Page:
We aim to study cell signaling during hyperthermia. We will, therefore, examine how heat stress regulates heat shock protein (HSP) activation. These studies are significant in cancer as HSP expression leads to hyperthermia resistance (thermotolerance). In addition, they are of relevance within a broader context as HSPs protect cells and tissues against degenerative diseases, and declines in HSP expression correlate with the onset of aging. It is thus desirable to understand the regulation of the heat shock response. Our hypothesis is that hyperthermia and pro-degenerative stresses trigger HSP expression through perturbation of mRNA translation in cells. This alteration in cell physiology then leads to activation of factors that can induce HSPs (heat shock transcription factor 1 (HSF1) and MLL1/trithorax) through binding to RNA and phosphorylation by the protein kinase mTOR.
We aim to trace this novel pathway leading from the initial effects of hyperthermia on translation, transmitted to HSF1 through phosphorylation (by the protein kinases PKA and mTOR), leading to facilitated migration of transcription factors to HSP promoters embedded in chromatin and mediation of gene activation. We have proposed the hypothesis that HSF1 and MLL1/trithorax activated by this signaling network then recruit histone modifying enzymes (histone acetylases and histone methyltransferases) to heat shock genes and activate the program of HSP synthesis that underlies cellular homeostasis during hyperthermia.

Public Health Relevance

Cancer cells can be killed by elevated temperatures that are either a few degrees above normal (hyperthermia) or by extremely high temperatures for brief periods (thermal ablation). In each case, tumor cells can resist treatment if they contain proteins that can protect them from heat (heat shock proteins). In this proposal, we will determine how the heat shock proteins are made in the cell and whether their synthesis can become inhibited.

Agency
National Institute of Health (NIH)
Institute
National Cancer Institute (NCI)
Type
Research Project (R01)
Project #
5R01CA047407-25
Application #
8467681
Study Section
Special Emphasis Panel (ZRG1-OTC-K (03))
Program Officer
Wong, Rosemary S
Project Start
1988-05-01
Project End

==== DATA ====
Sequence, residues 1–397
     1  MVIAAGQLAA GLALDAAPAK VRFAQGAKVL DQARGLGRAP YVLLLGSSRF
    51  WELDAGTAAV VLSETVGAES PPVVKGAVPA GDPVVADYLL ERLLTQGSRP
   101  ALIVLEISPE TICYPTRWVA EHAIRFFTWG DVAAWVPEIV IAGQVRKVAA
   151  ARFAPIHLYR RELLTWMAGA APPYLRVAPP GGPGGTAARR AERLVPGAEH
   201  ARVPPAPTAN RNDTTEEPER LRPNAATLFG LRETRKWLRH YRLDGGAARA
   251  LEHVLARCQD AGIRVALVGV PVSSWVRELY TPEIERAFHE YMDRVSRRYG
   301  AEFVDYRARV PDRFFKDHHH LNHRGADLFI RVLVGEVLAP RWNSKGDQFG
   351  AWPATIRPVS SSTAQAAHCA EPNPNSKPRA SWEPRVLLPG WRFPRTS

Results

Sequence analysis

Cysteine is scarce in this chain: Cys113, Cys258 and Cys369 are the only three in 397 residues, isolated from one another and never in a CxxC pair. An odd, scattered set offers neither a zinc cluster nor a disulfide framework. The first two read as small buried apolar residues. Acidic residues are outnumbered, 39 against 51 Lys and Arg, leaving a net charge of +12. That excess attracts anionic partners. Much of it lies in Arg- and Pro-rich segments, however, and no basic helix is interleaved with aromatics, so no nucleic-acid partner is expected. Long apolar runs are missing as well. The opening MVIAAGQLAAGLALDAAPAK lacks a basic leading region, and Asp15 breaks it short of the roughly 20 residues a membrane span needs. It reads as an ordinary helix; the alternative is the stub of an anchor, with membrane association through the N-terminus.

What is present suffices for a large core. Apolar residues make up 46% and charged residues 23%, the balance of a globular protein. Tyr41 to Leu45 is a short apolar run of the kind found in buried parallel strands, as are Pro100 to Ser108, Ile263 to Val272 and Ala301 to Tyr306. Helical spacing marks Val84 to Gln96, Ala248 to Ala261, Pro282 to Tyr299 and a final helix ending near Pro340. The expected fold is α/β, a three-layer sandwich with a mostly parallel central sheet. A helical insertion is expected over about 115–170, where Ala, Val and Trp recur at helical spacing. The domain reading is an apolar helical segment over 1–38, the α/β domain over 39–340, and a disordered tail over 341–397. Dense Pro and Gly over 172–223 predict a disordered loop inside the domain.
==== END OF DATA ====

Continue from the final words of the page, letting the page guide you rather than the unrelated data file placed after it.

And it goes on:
2015-05-31
Budget Start
2013-06-01
Budget End
2014-05-31
Support Year
25
Fiscal Year
2013
Total Cost
$263,407
Indirect Cost
$112,024
Name
Beth Israel Deaconess Medical Center
Department
Type
DUNS #
071723621
City
Boston
State
MA
Country
United States
Zip Code
02215
Calderwood, Stuart K; Gong, Jianlin (2016) Heat Shock Proteins Promote Cancer: It's a Protection Racket. Trends Biochem Sci 41:311-23
Calderwood, Stuart K; Neckers, Len (2016) Hsp90 in Cancer: Transcriptional Roles in the Nucleus. Adv Cancer Res 129:89-106
Calderwood, Stuart K (2015) Cdc37 as a co-chaperone to Hsp90. Subcell Biochem 78:103-12
Gong, J; Weng, D; Eguchi, T et al. (2015) Targeting the hsp70 gene delays mammary tumor initiation and inhibits tumor cell metastasis. Oncogene 34:5460-71
Murshid, Ayesha; Gong, Jianlin; Prince, Thomas et al. (2015) Scavenger receptor SREC-I mediated entry of TLR4 into lipid microdomains and triggered inflammatory cytokine release in RAW 264.7 cells upon LPS activation. PLoS One 10:e0122529
Murshid, Ayesha; Borges, Thiago J; Calderwood, Stuart K (2015) Emerging roles for scavenger receptor SREC-I in immunity. Cytokine 75:256-60
Eguchi, Taka; Prince, Thomas; Wegiel, Barbara et al. (2015) Role and Regulation of Myeloid Zinc Finger Protein 1 in Cancer. J Cell Biochem 116:2146-54
Chou, S-D; Murshid, A; Eguchi, T et al. (2015) HSF1 regulation of β-catenin in mammary cancer cells through control of HuR/elavL1 expression. Oncogene 34:2178-88
Bunch, Heeyoun; Lawney, Brian P; Lin, Yu-Fen et al. (2015) Transcriptional elongation requires DNA break-induced signalling. Nat Commun 6:10191
Murshid, Ayesha; Gong, Jianlin; Ahmad, Ridwan et al. (2015) Scavenger receptor SREC-I promotes double stranded RNA-mediated TLR3 activation in human monocytes. Immunobiology 220:823-32

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